By 1965, the new George Washington was a much-derided actor named Ronald Reagan. He was, sneered the Establishment defenders of the time, a too far-right, out-of-the-mainstream crazy to ever be elected too anything.
It was — and is still — the argument of choice made by Establishment defenders today as they attack everyone from the newly emergent Sharron Angle in Nevada to Carly Fiorina in California to Nikki Haley in South Carolina, Rand Paul in Kentucky, Pat Toomey in Pennsylvania and, let it not be forgotten, Scott Brown in Massachusetts. And most ferociously of all in the potential candidate class, let us not forget the anti-Establishment favorite Sarah Palin of Alaska.
Every one of these candidates (or prospective candidate in Palin’s case) are the figurative descendants of American anti-establishment figures from William Bradford of the Pilgrims to George Washington and his fellow Founding Fathers, to Andrew Jackson, Lincoln, Reagan and, in the media of today, the upstarts at Fox and, but of course, the stars of talk radio beginning with Founding Father Rush to Hannity and Levin and Beck and moving straight on to the Internet and the redoubtable Drudge and Breitbart. Did we mention the late William F. Buckley, and that scourge of the Establishment The American Spectator’s own R. Emmett Tyrrell?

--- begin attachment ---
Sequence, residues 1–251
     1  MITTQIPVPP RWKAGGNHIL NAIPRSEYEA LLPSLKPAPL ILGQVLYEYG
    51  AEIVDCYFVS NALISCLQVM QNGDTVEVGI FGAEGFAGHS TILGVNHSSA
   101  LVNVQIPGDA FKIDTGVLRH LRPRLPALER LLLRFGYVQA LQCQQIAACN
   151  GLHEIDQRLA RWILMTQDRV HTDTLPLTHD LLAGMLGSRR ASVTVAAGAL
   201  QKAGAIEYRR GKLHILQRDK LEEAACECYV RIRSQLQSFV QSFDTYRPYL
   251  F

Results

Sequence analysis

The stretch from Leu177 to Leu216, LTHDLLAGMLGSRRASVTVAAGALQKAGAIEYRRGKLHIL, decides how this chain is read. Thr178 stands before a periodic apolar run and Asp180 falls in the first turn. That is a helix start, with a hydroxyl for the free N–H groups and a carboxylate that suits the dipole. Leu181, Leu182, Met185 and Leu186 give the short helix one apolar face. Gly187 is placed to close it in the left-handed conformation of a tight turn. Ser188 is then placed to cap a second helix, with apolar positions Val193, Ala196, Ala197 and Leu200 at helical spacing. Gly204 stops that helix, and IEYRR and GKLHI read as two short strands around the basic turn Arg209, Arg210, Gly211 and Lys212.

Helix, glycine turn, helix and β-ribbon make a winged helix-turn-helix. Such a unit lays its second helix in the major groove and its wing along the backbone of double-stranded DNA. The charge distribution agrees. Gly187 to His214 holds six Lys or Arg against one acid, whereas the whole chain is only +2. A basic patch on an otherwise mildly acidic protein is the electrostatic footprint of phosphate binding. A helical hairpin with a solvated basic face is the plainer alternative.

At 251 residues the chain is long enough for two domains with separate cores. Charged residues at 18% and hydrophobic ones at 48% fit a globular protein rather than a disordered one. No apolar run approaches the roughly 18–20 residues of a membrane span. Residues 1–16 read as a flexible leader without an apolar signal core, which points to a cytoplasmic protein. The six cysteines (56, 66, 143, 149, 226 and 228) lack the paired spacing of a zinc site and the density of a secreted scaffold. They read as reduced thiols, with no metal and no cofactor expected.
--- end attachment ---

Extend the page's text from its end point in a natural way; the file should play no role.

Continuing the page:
Does anyone honestly look at Ann Coulter, Michelle Malkin or Laura Ingraham and think the word “Establishment”?
A man of faith in a godless age is hitting Americans where it hurts.
Mr. and Mrs. American Spectator Reader, let P.J. O’Rourke talk sense to your kids.
In Britain, defending your property can get you life.
The debacle of this president’s administration is both a cause and a symptom of the decline of American values. Unless Congress impeaches him, that decline will go on unchecked. An eminent jurist surveys the damage and assesses the chances for the recovery of our culture.
It won’t take long for conservatives to scratch this presidential wannabe off their 2008 scorecard.
The American Christmas, like the songs that celebrate it, makes room for everybody under the rainbow. Is that why so many people seem to be hostile to it?
Was the President done in by the economy, or by the politics of the economy?
H/T to National Review Online